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I think you are pointing out good questions and flaws in the system but overall Rakish's re-rank is fairly solid.  Granted we will have to see how it holds up going forward but I think he is on the right track and doing some good work.  

 

I just don't want people to be overly critical or focus on the exception (Reinhart) when most of the other players are following the rule.

 

You go to this "exception vs. the rule" argument far too often.  That and youtube videos must be right on the first page of the LGR cliche handbook.  I mention Reinhart simply because he is probably the third listing in your handbook.  Anyway, if this list is generated on a yearly basis, you will so those rankings fluctuate quite a bit.  To put it in your words, Reinhart would actually wind up being much more of the rule instead of the exception.

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You go to this "exception vs. the rule" argument far too often.  That and youtube videos must be right on the first page of the LGR cliche handbook.  I mention Reinhart simply because he is probably the third listing in your handbook.  Anyway, if this list is generated on a yearly basis, you will so those rankings fluctuate quite a bit.  To put it in your words, Reinhart would actually wind up being much more of the rule instead of the exception.

You're cheerful this afternoon.

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Hey Rakish could you add in something to the formula which helps to use the percentage of team goals a player was involved in?  So for instance say Sam Reinhart when he played for Kootenay this season, say he either assisted on or scored on 65% of the teams goals.  Would there be a way to take that into consideration.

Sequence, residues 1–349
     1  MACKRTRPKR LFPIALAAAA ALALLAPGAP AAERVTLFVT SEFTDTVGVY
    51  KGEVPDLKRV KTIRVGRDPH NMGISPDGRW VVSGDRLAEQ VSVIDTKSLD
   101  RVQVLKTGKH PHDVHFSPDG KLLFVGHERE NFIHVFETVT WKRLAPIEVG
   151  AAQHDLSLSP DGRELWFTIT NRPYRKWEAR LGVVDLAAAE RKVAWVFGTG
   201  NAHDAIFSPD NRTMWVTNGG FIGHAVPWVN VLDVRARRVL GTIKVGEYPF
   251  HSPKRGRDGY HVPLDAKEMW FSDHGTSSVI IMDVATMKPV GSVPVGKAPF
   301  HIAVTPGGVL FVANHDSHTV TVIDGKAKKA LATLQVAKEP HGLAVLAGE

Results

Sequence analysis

I ask because I am always curious to see who is an offensive driver and who is an offensive passenger.   

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Hey Rakish could you add in something to the formula which helps to use the percentage of team goals a player was involved in?  So for instance say Sam Reinhart when he played for Kootenay this season, say he either assisted on or scored on 65% of the teams goals.  Would there be a way to take that into consideration.  

 

I ask because I am always curious to see who is an offensive driver and who is an offensive passenger.   

 

Two problems.  The first is time involved. I decided to get what I want, I couldn't scrape, so I'm hand typing off of elite prospects.  I have a few thousand player/years now, so adding a metric would be a few weeks of work. If I had thought it through, I could have saved goals for and goals against, since I use the difference as my metric of how good the team is.  Having both numbers might be useful, as you say.

 

The second problem is accuracy.  Anthony DeAngelo spent half the season with Sarnia and half with Sault Ste. Marie.  I know how many points he scored in Sarnia, but not how many Sarnia scored while he was there.  I could go through box scores, which would be misery, and OHL stats may be to the point where that number is available, but it certainly wouldn't be universally available.